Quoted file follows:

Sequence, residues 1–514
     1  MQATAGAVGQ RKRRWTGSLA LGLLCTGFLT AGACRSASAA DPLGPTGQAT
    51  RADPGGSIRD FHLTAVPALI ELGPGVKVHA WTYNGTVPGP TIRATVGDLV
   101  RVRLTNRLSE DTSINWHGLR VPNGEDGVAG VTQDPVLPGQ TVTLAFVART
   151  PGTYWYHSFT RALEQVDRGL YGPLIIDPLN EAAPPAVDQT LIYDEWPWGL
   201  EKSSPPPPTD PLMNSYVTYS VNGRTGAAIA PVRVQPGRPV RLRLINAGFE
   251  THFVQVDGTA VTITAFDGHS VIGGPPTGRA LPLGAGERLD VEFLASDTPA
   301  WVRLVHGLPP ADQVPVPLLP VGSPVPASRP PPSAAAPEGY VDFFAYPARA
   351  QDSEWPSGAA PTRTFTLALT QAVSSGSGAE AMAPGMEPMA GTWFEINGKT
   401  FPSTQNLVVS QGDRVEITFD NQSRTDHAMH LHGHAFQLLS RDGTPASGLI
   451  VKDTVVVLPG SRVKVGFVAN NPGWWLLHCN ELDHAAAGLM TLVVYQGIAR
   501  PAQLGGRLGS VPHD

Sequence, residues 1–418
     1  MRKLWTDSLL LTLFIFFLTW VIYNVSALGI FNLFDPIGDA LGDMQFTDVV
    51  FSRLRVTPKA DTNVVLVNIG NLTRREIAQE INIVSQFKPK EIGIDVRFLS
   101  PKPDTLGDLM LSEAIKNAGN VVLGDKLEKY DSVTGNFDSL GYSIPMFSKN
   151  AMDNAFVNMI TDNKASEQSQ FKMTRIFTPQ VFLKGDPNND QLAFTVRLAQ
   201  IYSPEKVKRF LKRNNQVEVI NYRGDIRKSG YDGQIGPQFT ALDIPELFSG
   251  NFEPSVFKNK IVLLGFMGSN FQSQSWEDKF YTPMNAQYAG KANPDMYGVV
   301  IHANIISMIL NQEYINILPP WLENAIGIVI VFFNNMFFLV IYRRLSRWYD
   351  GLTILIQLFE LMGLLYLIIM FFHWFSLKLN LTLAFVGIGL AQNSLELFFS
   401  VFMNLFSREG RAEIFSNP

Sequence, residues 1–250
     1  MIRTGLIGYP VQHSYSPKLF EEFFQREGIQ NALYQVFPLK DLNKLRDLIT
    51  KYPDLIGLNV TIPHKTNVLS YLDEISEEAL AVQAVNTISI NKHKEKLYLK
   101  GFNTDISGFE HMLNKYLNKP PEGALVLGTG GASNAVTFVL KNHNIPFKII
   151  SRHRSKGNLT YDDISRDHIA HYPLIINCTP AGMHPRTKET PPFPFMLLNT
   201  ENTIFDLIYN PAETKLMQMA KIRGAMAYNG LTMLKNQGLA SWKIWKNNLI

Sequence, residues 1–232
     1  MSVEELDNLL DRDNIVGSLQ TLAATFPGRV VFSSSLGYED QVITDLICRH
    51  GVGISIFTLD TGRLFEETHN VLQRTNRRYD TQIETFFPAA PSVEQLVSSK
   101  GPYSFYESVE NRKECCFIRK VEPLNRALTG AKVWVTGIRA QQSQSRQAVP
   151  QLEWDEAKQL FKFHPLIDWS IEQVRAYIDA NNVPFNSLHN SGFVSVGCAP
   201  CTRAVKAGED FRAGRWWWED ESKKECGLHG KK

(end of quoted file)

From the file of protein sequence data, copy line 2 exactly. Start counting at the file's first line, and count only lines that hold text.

     1  MQATAGAVGQ RKRRWTGSLA LGLLCTGFLT AGACRSASAA DPLGPTGQAT